PLANTS OF NOTE: EPIMEDIUM


2017/09/12



This ground cover has it all!

I admit I wasn't always a fan of this plant. When I saw it in the stores it was a bit more expensive than other options and tiny. An experienced gardener like myself knows that a plant's size in a nursery doesn't mean too much. Consider Aralia Sun King. It's small when potted, but by the end of the season easily reaches 3-feet.
It wasn't until I started working in a local park that I appreciated Epimedium for the beautiful workhorse that it is. Not a bad combination for a landscape plant.


Why Epimedium?
Its thick root system is pretty much impermeable to weeds and does a wonderful job of holding soil in place, which makes it a great option over other ground covers such as English Ivy. The foliage is clean and lush and come fall offers up fabulous color to the gardens.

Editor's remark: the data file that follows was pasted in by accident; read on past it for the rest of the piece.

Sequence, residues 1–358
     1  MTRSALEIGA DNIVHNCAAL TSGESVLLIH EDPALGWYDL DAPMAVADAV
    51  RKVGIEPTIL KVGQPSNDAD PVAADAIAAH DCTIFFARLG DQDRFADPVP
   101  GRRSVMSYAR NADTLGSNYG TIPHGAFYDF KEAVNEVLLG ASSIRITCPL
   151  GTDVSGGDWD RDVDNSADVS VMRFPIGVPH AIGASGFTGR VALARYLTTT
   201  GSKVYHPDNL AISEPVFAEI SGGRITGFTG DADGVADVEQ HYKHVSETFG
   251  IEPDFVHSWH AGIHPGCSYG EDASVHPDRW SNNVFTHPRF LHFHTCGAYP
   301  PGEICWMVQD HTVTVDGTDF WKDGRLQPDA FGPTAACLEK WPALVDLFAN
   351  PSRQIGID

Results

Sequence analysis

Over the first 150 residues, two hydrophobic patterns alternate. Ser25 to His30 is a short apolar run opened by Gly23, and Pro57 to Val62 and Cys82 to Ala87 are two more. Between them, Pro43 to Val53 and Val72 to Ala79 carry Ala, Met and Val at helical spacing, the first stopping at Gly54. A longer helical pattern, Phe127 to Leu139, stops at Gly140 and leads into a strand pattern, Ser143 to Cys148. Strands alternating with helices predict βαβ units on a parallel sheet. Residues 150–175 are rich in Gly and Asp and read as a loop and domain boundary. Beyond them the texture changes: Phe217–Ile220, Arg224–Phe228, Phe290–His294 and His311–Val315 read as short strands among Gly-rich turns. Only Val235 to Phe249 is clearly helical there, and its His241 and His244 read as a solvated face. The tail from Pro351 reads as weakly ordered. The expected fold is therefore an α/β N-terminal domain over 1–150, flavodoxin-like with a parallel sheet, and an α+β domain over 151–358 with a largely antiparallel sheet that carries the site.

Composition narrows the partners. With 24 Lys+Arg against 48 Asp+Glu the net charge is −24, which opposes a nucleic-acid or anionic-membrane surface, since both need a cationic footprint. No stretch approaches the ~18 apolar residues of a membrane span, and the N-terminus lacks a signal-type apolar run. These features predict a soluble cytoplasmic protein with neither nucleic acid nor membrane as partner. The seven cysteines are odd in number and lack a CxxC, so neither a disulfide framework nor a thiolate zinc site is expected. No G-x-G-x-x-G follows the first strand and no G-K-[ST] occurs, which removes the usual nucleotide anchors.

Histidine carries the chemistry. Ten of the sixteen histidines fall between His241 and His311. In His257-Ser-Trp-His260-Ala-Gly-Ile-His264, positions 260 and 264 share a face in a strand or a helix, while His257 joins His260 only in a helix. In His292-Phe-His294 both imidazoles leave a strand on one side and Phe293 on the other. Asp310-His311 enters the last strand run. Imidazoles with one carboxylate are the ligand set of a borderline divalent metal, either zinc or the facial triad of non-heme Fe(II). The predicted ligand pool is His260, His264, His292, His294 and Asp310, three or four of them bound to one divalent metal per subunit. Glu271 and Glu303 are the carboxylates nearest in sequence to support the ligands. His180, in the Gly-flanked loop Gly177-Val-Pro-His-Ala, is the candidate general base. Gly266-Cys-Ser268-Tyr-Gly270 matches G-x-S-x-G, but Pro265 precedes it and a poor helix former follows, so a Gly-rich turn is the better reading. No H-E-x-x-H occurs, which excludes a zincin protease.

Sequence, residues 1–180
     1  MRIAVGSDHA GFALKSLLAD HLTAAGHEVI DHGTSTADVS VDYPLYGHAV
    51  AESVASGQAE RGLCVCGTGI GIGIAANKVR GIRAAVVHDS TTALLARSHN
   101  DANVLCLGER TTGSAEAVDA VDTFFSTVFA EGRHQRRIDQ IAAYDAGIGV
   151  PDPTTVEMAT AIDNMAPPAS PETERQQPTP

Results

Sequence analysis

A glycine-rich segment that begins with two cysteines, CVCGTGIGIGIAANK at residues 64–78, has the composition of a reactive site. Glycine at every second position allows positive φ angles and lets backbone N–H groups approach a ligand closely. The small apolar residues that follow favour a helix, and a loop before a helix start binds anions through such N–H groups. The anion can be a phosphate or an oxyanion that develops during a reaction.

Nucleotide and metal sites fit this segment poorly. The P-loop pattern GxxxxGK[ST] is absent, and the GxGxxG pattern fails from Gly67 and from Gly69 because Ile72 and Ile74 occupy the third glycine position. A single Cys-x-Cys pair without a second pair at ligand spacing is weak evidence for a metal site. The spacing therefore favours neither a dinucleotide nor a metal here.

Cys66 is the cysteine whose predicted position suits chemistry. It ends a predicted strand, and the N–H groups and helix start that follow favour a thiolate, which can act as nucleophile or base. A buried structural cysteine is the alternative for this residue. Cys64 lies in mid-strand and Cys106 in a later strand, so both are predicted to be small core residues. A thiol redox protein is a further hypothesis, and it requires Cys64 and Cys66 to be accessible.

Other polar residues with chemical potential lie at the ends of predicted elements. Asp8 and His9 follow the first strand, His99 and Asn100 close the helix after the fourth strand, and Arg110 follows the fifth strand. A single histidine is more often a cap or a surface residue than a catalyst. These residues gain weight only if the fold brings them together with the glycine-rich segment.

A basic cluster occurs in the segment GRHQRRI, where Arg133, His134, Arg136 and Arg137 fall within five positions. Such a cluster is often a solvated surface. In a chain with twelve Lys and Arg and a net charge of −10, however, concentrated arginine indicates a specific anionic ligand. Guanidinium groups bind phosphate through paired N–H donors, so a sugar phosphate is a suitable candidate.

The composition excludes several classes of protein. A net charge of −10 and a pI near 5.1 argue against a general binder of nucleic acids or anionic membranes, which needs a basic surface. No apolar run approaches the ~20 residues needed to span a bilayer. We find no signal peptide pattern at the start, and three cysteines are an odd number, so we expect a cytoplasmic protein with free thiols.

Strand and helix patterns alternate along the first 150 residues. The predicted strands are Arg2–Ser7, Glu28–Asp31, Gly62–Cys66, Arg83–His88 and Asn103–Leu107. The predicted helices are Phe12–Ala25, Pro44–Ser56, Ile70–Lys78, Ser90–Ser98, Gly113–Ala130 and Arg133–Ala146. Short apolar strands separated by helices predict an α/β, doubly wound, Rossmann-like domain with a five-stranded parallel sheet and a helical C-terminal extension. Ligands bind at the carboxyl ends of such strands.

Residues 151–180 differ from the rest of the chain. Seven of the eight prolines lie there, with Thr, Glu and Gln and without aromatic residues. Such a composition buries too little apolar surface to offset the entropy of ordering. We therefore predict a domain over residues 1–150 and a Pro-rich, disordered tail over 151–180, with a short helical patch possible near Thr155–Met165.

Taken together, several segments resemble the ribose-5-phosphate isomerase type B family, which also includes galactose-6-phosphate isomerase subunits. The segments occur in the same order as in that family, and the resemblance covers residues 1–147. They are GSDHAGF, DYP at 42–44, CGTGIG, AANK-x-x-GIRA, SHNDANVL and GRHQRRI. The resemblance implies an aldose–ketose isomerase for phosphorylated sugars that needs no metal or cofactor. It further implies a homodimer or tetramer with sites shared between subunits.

Spring flowers- My garden has varieties sporting pink and yellow flowers. They are small, but not too small to make them obsolete. In fact, if you take the time to look at them, they are quite attractive.

Hardy! The epimedium in my park garden was a bit neglected. After two years of regular watering, removing spent foliage and fall leaf litter (some years more diligently than others- See Keep That Water Flowing) and giving it a bit of food, the stand has become as thick as carpet.

Just the Facts
USDA Zones 5 to 9
Height and Spread: 1-2 feet
Blooms: April to June yellow or pink with white inner sepals
Plant in part to full shade with dry to medium soil.
This is an easy-to-grow plant that is wonderful for naturalizing, soil retention and adding interest to a shady spot in the garden. As an added bonus, it's deer and rabbit resistant, too.

Cheers,
Jennifer





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